Twelve years after an application was made for UNESCO status, China’s taijiquan or tai chi – a type of martial art marked by slow, circular movements and breathing control – has been granted heritage ranking. It received the honour on December 17, bringing China’s tally of Intangible Cultural Heritage listings to 42, the most worldwide. Shaolin kungfu has been tipped as the next to get UNESCO accreditation. But its founding monastery has plans to achieve wider recognition through other means as well, including degree courses.
On December 27 Shaolin Monastery in Songshan, together with Henan University from the same province, announced bachelor, masters and doctorate programmes in kungfu for international students. The effort is part of a collaboration between the two institutions that began in 2012, covering the training of coaches to teach the martial art at the temple’s overseas cultural centres. In 2019 Henan University also founded a kungfu college, the first of its kind in China.
“The collaboration will allow kungfu lovers from more countries to learn and help promote traditional Chinese culture,” said Shi Yongxin, the abbot of the Shaolin Monastery.
Netizens were soon scorning the project, however. “Academic study is academic study. Kungfu is kungfu. Why should the latter adopt the grading system of the former,” asked one weibo user.
“It looks like martial artists will have to get out their certificates before proving themselves in a real fight,” chided another.
“This is hanging a sheep’s head to sell dogmeat. It’s total nonsense!” another scoffed, deploying a traditional saying in his disgust.
Some of the responses can be understood in the context of Shi’s rather colourful history. With the moniker ‘CEO Monk,’ Shi has a reputation for his striving business savvy and secularist tendencies. For instance he served as a delegate to the (notionally aetheist) National People’s Congress between 1998 and 2018. Said to be the first Chinese monk to get an MBA, Shi’s bold attempts to transform the Shaolin order into a money-making machine are well documented – and far from universally acclaimed (see WiC42).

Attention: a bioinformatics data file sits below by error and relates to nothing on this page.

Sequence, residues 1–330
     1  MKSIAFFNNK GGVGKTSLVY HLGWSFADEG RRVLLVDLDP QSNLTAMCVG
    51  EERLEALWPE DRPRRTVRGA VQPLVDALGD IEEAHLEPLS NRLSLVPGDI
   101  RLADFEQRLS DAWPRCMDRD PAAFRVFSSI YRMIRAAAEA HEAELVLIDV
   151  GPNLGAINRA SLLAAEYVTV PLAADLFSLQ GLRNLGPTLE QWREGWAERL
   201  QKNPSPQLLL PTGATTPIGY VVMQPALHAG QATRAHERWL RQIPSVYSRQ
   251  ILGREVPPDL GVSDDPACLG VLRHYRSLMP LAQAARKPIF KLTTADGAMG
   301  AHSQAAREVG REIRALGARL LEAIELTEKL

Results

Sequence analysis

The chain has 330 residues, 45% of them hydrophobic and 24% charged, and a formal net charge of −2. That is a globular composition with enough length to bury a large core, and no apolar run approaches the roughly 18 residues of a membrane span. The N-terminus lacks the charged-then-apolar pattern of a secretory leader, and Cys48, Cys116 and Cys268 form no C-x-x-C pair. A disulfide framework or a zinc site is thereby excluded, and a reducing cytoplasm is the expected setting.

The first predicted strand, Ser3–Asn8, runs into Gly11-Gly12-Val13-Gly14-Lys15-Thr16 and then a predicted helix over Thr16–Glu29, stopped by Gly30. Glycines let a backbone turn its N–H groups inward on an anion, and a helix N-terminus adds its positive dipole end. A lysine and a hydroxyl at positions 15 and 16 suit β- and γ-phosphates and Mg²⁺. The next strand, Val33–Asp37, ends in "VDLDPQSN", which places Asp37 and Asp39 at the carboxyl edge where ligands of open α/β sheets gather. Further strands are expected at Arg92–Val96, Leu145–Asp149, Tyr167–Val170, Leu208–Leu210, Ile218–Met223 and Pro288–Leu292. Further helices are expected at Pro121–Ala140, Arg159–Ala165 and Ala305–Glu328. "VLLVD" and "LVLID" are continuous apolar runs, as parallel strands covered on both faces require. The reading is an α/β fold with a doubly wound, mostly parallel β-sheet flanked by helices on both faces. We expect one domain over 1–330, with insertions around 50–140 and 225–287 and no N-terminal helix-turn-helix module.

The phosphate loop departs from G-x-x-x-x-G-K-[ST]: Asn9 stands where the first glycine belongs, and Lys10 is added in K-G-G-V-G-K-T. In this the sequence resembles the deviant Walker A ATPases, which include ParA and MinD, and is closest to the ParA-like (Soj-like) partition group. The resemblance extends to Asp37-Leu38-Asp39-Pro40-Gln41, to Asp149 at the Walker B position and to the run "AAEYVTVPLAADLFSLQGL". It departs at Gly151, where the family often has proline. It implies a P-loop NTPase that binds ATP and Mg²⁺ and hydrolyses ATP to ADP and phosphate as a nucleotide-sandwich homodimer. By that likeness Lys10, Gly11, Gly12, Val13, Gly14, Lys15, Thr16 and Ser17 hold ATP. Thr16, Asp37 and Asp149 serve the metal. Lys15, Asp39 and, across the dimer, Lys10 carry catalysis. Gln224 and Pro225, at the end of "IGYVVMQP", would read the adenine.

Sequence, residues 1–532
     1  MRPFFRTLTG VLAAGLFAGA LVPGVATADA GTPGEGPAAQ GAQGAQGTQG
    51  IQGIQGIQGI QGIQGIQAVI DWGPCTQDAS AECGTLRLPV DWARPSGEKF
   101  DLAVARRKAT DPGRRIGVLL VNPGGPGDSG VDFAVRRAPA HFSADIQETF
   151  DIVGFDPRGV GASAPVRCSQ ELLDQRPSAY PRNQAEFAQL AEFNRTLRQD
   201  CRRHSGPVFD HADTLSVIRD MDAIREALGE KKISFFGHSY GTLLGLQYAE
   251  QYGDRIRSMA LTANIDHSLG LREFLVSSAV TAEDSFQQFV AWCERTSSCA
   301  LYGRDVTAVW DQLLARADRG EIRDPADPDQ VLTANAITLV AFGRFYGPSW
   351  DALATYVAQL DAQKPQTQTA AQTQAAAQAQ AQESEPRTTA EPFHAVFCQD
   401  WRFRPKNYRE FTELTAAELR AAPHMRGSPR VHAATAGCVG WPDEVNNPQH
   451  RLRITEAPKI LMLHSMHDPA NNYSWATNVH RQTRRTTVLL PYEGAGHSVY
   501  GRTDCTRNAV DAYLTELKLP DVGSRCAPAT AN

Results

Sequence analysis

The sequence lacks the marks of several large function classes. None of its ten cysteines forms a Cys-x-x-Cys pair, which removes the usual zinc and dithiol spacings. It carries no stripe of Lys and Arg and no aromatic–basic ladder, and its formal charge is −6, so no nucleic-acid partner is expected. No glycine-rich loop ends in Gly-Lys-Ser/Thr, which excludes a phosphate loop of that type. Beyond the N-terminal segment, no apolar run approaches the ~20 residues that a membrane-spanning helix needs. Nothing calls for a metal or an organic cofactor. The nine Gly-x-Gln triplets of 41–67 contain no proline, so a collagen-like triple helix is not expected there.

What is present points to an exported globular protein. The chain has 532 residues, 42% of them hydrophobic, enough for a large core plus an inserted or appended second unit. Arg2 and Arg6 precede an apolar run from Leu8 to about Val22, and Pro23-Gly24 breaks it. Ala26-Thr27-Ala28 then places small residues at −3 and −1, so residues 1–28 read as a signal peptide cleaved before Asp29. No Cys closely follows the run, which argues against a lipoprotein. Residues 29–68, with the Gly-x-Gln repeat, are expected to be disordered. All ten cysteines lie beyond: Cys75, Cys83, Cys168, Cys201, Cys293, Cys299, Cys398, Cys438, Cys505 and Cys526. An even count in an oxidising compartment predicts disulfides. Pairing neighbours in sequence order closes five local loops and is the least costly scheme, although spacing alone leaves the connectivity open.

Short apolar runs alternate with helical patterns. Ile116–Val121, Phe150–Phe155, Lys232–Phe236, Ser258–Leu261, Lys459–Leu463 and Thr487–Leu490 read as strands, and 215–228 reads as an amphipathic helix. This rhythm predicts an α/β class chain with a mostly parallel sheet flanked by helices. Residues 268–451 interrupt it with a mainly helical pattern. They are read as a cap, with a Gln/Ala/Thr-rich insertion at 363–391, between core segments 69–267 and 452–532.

Shi has stayed at the helm of the temple through many controversies (there was an interesting essay about him in The Economist’s Christmas double issue). More remarkably, he has persisted with his audacious commercial ventures. There has been investment in land and property overseas, with efforts to turn the Shaolin site and its surrounding area into a tourist magnet. The monastery has also made money through the numerous trademarks it has registered since 1997 (now at 666 and counting).
A case in point was a recent lawsuit against Semir, a company that owns one of China’s leading children’s clothing brands, Balabala. Shaolin Monastery pursued it for printing “Shaolin Kungfu” on one of its clothing collections without proper authorisation.
The commercially-minded monastery has also registered “South Shaolin” in a move that some commentators describe as trademark squatting, given that a temple of that name already exists in Fujian province, unconnected to the Henan institution.
In an interview with ThePaper.cn, Shi Guangzhi, abbot of the South Shaolin Temple, said he wasn’t too bothered by the “South Shaolin” registration. “One should approach this with a merciful heart. Everything we do is for the Buddha and the development of Buddhism,” he said, adding that both temples share the same historical roots.
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